'Shadows' by Andy Warhol


He may have enjoyed the longest 15 minutes in history, but there’s still plenty by this pop star you haven’t seen, including his never-before-toured Shadows at the Arts Club and Polaroids not meant for the public at the Smart.


Arts Club of Chicago, through July 29 Based on photographs of a single shadow, Warhol’s 102-section silk-screen Shadows forms an immersive environment the pop impresario once likened to “disco décor.” It’s also a surprisingly contemplative monument to abstraction that has been on permanent display at New York’s DIA Beacon for many years. Here’s a rare chance to see 54 sections of it without hopping a plane. 201 E Ontario. artsclubchicago.org.

Smart Museum of Art, May 10-August 21 Warhol at Work: Portrait Snapshots, 1973–86. Most of Warhol’s output was meant to be seen and gushed over, but these Polaroids were simply meant to be research. Lucky for us, we get to eyeball them anyway. Tue–Wed, Fri 10–4; Thu 10–8; Sat–Sun 11–5; free. U of C, 5550 S Greenwood. smartmuseum.uchicago.edu.


Photograph: Courtesy of the Arts Club Of Chicago


The beginnings of the LGBT movement


Mary, Mary, quite contrary: The Civil War surgeon Mary Walker didn’t give two hoots when she became the object of ridicule for refusing to don ladylike attire. Learn about her and other protoproud locals in the Chicago History Museum’s look at the city’s LGBT past.


Opening May 21 Damn straight, CHM is out and proud. Out in Chicago traces the city’s gay past back to the 1850s. An all-out bash kicks things off. 5/21 from 10 to 4. 1601 N Clark. chicagohistory.org.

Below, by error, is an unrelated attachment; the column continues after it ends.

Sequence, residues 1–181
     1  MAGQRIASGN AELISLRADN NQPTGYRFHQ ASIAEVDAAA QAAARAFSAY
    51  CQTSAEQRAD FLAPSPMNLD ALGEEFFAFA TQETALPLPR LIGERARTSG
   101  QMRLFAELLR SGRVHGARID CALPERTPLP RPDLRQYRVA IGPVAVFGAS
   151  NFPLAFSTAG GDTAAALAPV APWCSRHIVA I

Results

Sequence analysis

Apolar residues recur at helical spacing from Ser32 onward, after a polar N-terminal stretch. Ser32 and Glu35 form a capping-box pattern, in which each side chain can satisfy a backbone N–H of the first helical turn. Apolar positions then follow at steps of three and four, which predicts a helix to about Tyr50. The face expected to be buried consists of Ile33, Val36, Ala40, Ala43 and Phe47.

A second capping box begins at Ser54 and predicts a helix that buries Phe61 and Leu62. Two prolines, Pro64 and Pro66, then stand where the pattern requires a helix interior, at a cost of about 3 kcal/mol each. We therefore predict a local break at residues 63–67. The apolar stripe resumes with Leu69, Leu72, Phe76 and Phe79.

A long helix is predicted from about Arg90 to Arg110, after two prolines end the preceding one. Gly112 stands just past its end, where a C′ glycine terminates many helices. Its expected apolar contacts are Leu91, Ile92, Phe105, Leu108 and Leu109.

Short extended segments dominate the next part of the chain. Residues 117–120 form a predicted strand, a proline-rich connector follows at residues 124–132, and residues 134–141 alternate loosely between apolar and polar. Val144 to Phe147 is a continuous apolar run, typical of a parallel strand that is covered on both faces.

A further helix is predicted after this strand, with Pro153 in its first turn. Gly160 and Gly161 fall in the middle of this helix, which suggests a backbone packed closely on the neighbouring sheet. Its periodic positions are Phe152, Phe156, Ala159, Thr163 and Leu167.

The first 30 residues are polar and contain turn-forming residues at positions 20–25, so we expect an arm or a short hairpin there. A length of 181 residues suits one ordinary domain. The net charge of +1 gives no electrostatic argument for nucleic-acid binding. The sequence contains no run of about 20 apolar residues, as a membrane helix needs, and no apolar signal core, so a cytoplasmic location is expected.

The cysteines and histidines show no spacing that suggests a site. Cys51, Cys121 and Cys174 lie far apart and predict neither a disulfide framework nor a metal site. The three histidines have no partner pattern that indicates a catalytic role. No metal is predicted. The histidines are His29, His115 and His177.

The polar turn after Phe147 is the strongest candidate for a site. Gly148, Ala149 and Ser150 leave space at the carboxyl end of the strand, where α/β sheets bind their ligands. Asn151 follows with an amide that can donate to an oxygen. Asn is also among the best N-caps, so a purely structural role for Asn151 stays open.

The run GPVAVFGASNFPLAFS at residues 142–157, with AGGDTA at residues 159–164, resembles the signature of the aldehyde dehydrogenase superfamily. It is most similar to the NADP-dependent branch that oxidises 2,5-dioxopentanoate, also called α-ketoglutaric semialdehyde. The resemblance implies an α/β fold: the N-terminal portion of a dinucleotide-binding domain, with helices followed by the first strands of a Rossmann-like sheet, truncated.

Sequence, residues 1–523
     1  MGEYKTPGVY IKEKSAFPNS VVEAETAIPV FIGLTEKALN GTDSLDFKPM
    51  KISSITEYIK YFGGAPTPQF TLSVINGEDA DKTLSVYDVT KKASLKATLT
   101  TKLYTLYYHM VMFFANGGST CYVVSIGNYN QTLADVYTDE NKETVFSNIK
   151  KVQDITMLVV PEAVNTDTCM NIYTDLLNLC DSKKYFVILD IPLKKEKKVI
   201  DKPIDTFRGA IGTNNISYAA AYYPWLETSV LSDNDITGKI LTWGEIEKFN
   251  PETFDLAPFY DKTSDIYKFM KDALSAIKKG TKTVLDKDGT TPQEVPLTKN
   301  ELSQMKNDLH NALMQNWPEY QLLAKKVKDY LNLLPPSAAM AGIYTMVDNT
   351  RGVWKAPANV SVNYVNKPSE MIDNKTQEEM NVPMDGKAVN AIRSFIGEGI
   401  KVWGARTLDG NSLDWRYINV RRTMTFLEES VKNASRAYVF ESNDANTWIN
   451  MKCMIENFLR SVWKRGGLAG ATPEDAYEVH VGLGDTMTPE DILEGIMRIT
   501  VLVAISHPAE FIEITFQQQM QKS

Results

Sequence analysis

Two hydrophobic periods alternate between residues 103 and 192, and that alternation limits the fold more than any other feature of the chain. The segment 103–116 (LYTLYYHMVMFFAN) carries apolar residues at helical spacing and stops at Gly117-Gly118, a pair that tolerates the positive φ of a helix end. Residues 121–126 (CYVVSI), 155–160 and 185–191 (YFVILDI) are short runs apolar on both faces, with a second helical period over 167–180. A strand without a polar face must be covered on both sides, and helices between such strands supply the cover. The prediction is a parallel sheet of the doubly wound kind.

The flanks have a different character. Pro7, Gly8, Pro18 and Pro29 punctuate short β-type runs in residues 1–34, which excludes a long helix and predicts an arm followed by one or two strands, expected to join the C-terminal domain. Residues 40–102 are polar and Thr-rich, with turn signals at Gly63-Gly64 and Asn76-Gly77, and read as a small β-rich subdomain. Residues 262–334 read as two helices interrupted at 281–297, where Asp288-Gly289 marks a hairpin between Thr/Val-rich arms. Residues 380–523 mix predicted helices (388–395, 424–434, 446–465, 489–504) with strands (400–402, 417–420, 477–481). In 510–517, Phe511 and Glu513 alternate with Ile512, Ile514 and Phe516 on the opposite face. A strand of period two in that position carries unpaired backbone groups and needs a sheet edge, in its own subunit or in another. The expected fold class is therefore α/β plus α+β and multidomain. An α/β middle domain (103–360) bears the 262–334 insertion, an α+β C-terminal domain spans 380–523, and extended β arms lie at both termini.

Photograph: Chicago Daily News Collection/Chicago History Museum


Marisa Wegyrzn


The Chicago playwright Marisa Wegrzyn (right) is a tough act to follow: After she won the Wasserstein Prize in 2009, the awards committee declared a forfeit in 2010. Don’t miss the local premiere of the drama that broke the mold. But call soon: The clock is ticking.


May 5–June 12 Suppose, instead of the usual circadian rhythms, you had an actual timepiece embedded in your heart that could tell you precisely when and how you would die. Such is the premise of Wegrzyn’s quirky, bloody tale—one that should be well worth watching. Previews May 5–12; $20. Regular run $15–$32. Chicago Dramatists, 1105 W Chicago. chicagodramatists.org.


Photography: Steppenwolf


A glass of beer


Herbal, organic, floral—and that’s just the setting. Chicago’s second annual ode to artisanal suds launches with a bash under glass at the Garfield Park Conservatory.


May 19–27 Fantasy camp for craftheads, from first sip (a tasting soiree at Garfield Park Conservatory) to bottoms up (a closing bash at Revolution), with plenty of pints and parties in between. For more info: chibeerweek.com.


Photograph: inhauscreative/istockphoto


Conductor Paul Freeman


In a city where maestros come and go, Paul Freeman has spent nearly a quarter of a century with this local gem. Be there to yell “Bravo!” when he hands off the baton.


May 22–23 Twenty-four years after founding the Sinfonietta, Freeman leads the orchestra one last time before passing the baton to Mei-Ann Chen. A diverse, all-female bill includes works by the Pulitzer winners Jennifer Higdon and Ellen Taaffe Zwilich. May 22: at 2:30, Lund Auditorium, Dominican U, 7900 W Division, River Forest. May 23: at 7:30, Symphony Center, 220 S Michigan. $26–$96. chicagosinfonietta.org.


Photograph: Ken Carl